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Bristol man pleads guilty to assault, manslaughter in 1989 shaken baby case

Union Leader Correspondent

July 01. 2013 9:38PM

FRANKLIN — The Bristol man who was charged with murder in the 2008 death of an 18-year-old who he shook as a baby pleaded guilty to lesser charges Friday that carry a sentence of at least 18½ years.

Bruce Watson, 46, was originally charged in August with one count of reckless second-degree murder for shaking 4½-month-old Brian Wiggin in 1989.

Wiggin was 18 when he died from what the state medical examiner ruled a homicide as the result of a catastrophic brain injury suffered when he was shaken as a baby.

On Friday, as part of a plea agreement, the murder charge against Watson was not prosecuted. He pleaded guilty instead to one count of second-degree assault and one count of manslaughter, court officials said.

Belknap County Superior Court Judge James O'Neill sentenced Watson to serve jail terms on both counts — 3½ to 7 years for assault and 15 to 30 years for manslaughter — consecutively.

Wiggin's mother, Tammy Perreault of Epsom, said Monday she agreed with the plea bargain because it means Watson, her ex-boyfriend, will spend at least one year in jail for each year that Wiggin lived, "and for every year he suffered."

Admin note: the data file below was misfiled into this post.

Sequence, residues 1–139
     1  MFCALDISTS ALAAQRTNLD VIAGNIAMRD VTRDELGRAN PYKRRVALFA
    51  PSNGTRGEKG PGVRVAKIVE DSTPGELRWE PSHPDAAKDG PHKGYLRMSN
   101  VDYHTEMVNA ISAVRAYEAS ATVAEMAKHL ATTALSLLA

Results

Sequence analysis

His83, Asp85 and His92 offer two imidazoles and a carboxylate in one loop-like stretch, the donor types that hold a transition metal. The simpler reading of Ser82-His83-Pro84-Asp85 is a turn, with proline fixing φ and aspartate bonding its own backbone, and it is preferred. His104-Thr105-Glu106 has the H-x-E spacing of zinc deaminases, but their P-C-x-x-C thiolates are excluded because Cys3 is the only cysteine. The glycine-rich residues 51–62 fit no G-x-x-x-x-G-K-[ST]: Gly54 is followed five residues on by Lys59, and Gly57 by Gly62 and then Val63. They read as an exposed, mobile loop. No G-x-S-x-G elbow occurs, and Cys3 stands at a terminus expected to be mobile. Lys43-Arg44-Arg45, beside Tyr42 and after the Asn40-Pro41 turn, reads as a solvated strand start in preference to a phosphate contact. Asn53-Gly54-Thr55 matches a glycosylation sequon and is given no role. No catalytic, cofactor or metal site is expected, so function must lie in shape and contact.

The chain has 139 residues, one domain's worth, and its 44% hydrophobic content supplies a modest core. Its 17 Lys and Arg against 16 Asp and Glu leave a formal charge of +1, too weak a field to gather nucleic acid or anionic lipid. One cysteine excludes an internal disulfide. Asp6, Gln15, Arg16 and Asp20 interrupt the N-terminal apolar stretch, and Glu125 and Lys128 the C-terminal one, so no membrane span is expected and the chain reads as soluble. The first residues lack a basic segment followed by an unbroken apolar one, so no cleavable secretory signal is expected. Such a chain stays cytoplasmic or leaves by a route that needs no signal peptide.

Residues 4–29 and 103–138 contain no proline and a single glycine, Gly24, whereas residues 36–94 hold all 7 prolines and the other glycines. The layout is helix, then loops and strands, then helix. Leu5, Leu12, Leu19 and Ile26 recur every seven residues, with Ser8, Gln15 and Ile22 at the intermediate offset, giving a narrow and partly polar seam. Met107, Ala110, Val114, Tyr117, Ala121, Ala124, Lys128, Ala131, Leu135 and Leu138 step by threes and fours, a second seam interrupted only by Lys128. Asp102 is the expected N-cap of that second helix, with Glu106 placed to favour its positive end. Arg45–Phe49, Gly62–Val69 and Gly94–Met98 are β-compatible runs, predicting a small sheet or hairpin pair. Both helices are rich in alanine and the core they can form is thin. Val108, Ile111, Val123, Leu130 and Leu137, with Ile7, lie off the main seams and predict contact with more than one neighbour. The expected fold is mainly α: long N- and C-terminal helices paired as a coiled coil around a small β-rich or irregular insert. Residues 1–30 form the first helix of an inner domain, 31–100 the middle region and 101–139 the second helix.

"I'm very happy now, I've carried the guilt of this alone for so many years," she said. "Now he's living with it."Wiggin had been living his life as a blind quadriplegic since Watson shook him at Perreault's home at 293 W. Main St. in Tilton in 1989.

Shortly after the 1989 incident, Watson pleaded guilty to second-degree assault and served 2½ years in state prison, authorities said.

But the case was reopened after Wiggin died on June 9, 2008, and an autopsy showed his death was a direct result of being shaken as a baby, which prompted the state Attorney General's office to look at Wiggin's "quality of life" after his 1989 injury.

Under state law, Watson could be punished again for the same incident, and it was not a case of "double-jeopardy" because of the nature of the crime. The state would only have to prove that he was aware of his actions in causing Wiggin's death.

Watson had claimed he shook Wiggin as a baby because he wouldn't stop crying, Perreault said.

Courts Crime Bristol Franklin Epsom


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